August 16, 1944: Another Weird Nazi Weapon (First Test Flight of Ju-287)

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A Brief History

On August 16, 1944, the Nazis flew the prototype of the Ju-287 for the first time.  Manufactured by the German aircraft company Junkers, it was a 4-engine, jet-powered bomber whose forward-swept wings made it radically different from any other airplane in existence at the time.

Digging Deeper

With a turbojet engine on each side of its nose, and another under each wing, the Ju-287 flew to speeds of almost 350 mph, which was fast but still not fast enough.

Originally it was supposed to have been equipped with even more powerful jet engines, but developmental difficulties meant that Junkers had to go with what was available, the Jumo 004.  Further production models would either have been powered by 6 Heinkel-Hirth HeS 011 jet engines, or 6 BMW 003 engines or 2 BMW 018 turbofans to greatly increase thrust.

Follow-up prototypes were also to have all the engines slung under their wings to combat the wing flex found when the Ju-287 was test flown.  One such follow-up prototype made 17 test flights and was found to have decent flight characteristics, but at that late stage of the war, it could not be further developed or produced in time to see combat.

The only prototype capable of flying ended up being destroyed by Allied bombers, and the partially-completed 2nd and 3rd prototypes were captured by the Soviets who continued experimenting with the design.

A notable feature of this bizarre-looking airplane was that it was sort of a “Frankenplane,” with everything but the radical wings having been taken from other planes.  Even the nose landing gear had been taken from a crashed U.S. B-24 bomber.  It also had the tail of a Ju-388 and the fuselage of an He-177, with the main landing gear coming from a Ju-352.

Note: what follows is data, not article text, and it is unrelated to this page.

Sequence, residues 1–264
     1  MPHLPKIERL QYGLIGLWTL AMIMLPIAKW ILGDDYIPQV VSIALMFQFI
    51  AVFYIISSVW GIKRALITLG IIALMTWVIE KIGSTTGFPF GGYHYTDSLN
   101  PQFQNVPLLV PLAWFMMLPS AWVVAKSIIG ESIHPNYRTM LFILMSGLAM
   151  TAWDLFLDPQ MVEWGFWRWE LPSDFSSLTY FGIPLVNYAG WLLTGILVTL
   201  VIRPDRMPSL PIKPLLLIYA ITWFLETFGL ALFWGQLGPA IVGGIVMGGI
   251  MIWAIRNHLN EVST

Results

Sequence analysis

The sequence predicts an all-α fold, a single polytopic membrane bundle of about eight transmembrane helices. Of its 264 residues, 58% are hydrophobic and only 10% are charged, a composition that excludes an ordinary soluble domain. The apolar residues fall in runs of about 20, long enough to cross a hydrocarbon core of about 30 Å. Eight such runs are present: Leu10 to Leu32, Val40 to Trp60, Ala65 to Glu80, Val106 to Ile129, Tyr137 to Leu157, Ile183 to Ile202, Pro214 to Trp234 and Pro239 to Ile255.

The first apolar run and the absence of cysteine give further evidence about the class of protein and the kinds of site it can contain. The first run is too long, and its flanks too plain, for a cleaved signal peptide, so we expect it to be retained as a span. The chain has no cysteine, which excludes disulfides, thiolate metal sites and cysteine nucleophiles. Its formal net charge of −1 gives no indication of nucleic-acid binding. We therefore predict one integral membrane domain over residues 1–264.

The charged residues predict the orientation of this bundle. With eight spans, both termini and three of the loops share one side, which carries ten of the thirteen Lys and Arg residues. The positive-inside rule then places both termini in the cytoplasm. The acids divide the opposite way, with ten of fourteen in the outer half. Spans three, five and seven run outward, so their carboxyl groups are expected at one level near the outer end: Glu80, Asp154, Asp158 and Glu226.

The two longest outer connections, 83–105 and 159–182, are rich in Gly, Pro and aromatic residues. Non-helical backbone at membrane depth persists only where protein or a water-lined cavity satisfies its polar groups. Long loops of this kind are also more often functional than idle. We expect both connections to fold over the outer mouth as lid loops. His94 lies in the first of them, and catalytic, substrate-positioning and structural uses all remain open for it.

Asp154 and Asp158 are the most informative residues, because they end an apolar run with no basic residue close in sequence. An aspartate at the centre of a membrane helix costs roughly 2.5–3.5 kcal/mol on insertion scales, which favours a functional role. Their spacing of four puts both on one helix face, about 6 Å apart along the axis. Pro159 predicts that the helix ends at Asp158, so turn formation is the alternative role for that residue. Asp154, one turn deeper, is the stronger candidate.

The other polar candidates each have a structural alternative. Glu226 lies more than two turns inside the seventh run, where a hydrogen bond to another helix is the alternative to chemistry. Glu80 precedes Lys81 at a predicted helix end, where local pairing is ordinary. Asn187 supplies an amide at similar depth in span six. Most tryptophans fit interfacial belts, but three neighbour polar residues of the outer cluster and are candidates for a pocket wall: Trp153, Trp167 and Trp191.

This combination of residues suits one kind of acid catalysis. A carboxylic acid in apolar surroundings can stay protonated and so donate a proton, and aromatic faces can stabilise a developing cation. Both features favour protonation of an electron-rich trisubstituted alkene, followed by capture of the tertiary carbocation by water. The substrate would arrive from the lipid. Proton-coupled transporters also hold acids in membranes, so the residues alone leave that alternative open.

A variant of the design was to be called the “Mistel,” which was to be an Me-262 jet fighter mounted on top of an unmanned Ju-287 filled with explosives.  The Me-262 pilot was to fly the combined planes and then release the bomber as a giant drone-powered bomb.  Had the Germans managed to make that monstrosity work, it would have been a terrifying weapon.

Nazi Germany certainly came up with some brilliant and unusual ideas during World War II, some of which may have prolonged the war or may even have turned the tide in their favor.  Poor planning and direction from Adolf Hitler and squabbling among those responsible for aircraft production made the development process a nightmare for German engineers, something that definitely benefited the Allies.

What other weird planes that did not make it to production would you like to read about?  Let us know.

Historical Evidence

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About Author

Major Dan

Major Dan is a retired veteran of the United States Marine Corps. He served during the Cold War and has traveled to many countries around the world. Prior to his military service, he graduated from Cleveland State University, having majored in sociology. Following his military service, he worked as a police officer eventually earning the rank of captain prior to his retirement.